A strobe light danced intermittently to a drum track over a bare stage. Clad in all black, the four members of pop band Lovelife took the Paradise stage. Keyboardist Ally Young laid down the introductory synthesizer track to “Brave Heart”. When drummer Frank Colucci kicked in, vocalist Lee Newell and guitarist Sam Jackson sang the double vocal harmonies. As the opening act the crowd was somewhat sparse but the band grabbed the audience’s attention.
The band moved right into the dance groove of “Tonight” which also featured a sugary pop hook chorus. The stage remained basically dark with an occasional soft red or blue light mixed in with the white flashing strobe. Despite the small crowd vocalist/front man Newell was personable throughout the brief show.
The synthesizer sound, harmonies and heavy drumbeat remained prevalent through the commercial sounding “I’m No More”. The band’s sound nicely mixes pop vocals over European style dance/club tracks. “Invisible” which featured more of a tribal drumbeat was a nice change of pace.
The abbreviated six-song set closed with “Dying To Start Again” which found the perfect balance of techno, pop and dance music. Although Lovelife’s sound is not necessarily mainstream, their commitment to both song-writing and throwing a stellar performance goes without saying or doubt.
Prior to their opening set slot at the Paradise the four members of Lovelife spent a few minutes answering questions. Band members Lee Newell, Sam Jackson and Frank Colucci were members of the star-crossed, English, pop rock band Viva Brother. In one short year Viva Brother was labeled the” next big thing” by NME, involved in threatened litigation over the band name and after signing with Geffen became the victim of big music label politics. An unforeseen social media backlash sealed Viva Brother’s fate. The three moved to Brooklyn New York where through booking agent Live Nation were introduced to Ally Young. The four musicians then formed Lovelife.
With Viva Brother it seems like you went through in a year what most bands go through in a career?
Lee: We’ve been playing music seriously for ten years. In that band everything was heightened by being under the spotlight that is British media. So that happened and when we met Ally we started a new band saved our money and moved to New York.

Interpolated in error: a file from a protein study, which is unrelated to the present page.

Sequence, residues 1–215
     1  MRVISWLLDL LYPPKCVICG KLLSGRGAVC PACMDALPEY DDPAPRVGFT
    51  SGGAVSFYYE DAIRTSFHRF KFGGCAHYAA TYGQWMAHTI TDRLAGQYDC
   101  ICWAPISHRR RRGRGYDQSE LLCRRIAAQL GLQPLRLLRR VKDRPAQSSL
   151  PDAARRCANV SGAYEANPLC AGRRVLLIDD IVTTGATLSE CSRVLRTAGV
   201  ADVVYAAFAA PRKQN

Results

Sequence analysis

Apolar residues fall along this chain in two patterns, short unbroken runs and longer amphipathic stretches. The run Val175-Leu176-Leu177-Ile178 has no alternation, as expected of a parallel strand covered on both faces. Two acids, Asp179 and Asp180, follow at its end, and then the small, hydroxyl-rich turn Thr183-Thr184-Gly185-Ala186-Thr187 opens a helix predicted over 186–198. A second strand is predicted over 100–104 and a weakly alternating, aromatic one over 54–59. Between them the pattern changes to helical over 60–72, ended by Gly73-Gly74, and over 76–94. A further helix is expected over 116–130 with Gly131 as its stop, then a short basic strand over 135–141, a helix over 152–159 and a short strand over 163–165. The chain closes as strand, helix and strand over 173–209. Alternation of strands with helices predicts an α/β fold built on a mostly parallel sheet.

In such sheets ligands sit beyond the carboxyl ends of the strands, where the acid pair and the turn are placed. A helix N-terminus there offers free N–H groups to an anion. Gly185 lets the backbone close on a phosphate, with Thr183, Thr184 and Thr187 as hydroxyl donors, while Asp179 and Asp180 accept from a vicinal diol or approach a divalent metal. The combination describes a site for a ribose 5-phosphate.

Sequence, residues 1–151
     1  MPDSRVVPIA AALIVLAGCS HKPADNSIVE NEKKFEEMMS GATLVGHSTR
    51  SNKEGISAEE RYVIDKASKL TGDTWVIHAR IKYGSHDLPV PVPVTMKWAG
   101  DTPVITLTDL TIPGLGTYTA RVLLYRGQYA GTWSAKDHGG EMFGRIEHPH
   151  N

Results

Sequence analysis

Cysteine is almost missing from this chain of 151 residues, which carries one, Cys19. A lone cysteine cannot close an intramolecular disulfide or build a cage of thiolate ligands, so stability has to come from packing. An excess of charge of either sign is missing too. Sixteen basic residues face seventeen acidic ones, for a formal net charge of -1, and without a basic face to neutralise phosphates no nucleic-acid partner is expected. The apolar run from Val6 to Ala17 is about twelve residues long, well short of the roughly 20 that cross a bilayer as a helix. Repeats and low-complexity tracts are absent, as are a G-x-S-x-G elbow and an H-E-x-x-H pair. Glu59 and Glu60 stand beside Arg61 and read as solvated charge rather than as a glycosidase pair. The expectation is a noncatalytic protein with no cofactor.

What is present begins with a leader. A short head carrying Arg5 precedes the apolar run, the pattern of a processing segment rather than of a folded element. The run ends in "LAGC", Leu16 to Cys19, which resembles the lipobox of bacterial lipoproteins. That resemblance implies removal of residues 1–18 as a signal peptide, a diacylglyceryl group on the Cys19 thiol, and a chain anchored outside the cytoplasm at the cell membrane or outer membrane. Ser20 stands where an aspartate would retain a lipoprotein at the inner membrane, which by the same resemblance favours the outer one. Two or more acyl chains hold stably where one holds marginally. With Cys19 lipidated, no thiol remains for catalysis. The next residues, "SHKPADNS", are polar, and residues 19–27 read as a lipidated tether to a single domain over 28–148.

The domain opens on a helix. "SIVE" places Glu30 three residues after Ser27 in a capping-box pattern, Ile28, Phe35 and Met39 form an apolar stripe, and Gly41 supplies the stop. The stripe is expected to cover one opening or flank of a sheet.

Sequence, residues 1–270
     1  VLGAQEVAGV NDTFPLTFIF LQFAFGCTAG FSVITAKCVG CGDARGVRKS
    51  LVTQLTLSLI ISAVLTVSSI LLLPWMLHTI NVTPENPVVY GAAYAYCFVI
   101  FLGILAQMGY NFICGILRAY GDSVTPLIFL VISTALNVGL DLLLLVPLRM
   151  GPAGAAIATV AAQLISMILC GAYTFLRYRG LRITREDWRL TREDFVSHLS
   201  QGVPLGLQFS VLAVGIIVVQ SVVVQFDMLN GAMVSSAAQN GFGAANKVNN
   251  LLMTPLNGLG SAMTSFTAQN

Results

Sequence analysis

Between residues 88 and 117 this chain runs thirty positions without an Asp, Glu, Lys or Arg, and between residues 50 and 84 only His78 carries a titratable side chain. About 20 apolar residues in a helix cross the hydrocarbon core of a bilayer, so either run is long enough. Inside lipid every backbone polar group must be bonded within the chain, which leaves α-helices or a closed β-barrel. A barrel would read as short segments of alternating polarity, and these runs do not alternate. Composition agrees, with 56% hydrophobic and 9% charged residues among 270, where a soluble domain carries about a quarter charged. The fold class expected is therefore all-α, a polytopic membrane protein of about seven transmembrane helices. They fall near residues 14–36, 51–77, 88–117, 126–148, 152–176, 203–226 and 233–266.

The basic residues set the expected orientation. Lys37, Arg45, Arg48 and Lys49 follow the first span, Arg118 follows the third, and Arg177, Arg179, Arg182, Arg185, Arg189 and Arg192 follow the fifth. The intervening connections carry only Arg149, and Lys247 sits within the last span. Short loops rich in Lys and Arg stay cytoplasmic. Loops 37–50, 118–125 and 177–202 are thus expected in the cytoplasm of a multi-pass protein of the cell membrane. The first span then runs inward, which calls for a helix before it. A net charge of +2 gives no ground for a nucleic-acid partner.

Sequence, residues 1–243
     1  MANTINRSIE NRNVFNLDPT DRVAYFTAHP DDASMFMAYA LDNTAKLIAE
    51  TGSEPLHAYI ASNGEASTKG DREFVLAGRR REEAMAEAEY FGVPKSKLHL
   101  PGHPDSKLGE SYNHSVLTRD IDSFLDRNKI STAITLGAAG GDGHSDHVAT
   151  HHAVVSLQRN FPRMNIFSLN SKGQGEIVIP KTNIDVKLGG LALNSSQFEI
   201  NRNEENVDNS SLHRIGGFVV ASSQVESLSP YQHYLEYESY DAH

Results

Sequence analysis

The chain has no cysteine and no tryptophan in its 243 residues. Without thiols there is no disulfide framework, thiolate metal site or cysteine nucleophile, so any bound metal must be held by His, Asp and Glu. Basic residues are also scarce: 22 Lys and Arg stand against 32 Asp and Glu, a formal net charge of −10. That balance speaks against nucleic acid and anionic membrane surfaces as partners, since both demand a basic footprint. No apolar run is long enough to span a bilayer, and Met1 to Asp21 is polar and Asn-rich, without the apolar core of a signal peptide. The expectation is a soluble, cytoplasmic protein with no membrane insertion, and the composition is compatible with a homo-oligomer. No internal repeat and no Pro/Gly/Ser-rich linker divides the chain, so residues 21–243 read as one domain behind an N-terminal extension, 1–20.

So is Lovelife the phoenix rising from the ashes so to speak? Or is it your musicians and you play music regardless of the circumstances?
Lee: It’s a bit of both. We don’t mention previous bands because we are focused on Lovelife and what we’re doing right now.
Ally: Sort of like breaking up with an ex-girlfriend isn’t it? You move on. You don’t regret it or forget it you just move on.
Sam: (laughing) We worship at the temple of the song. You cut it off like a dead leg.
Normally swagger and social media have been helpful to bands, but it backfired on you guys fairly or unfairly?
Lee: Depends on how you look at it. I don’t know what failure and success is anymore in the music world. Records aren’t sold anymore. As long as we’re making it work and playing music we like I think we’re all right.
So the Lovelife website consists of a couple of free downloadable EP’s, is it let the music do the talking?
Ally: We just put the website up with the songs and a few pictures to let people discover it, that’s how we’ve done everything so far. Building it organically to let people judge for themselves as opposed to having people be told its good. We’ve done everything ourselves written and recorded and what to just put them out there.
Frank: The most important thing is that people can get your music and listen to it. We’ll have almost an albums worth of free music for people to pick up once they find out about us. It couldn’t be simpler.
What about the live shows?
Ally: We value the live shows highly. That’s the bread and butter. Seeing a band live is the only thing left that you can’t fake. Everything is so instant with music the live show is the only thing you can’t illegally download.
The music synth/pop is very melodic but the lyrics seem to have more of an edge?
Lee: I’ve written about things that happened to me and I have a lot to write about I suppose. I went through a hard year and a half of your life changing and what you’re doing with it. It was a therapeutic process to get around that.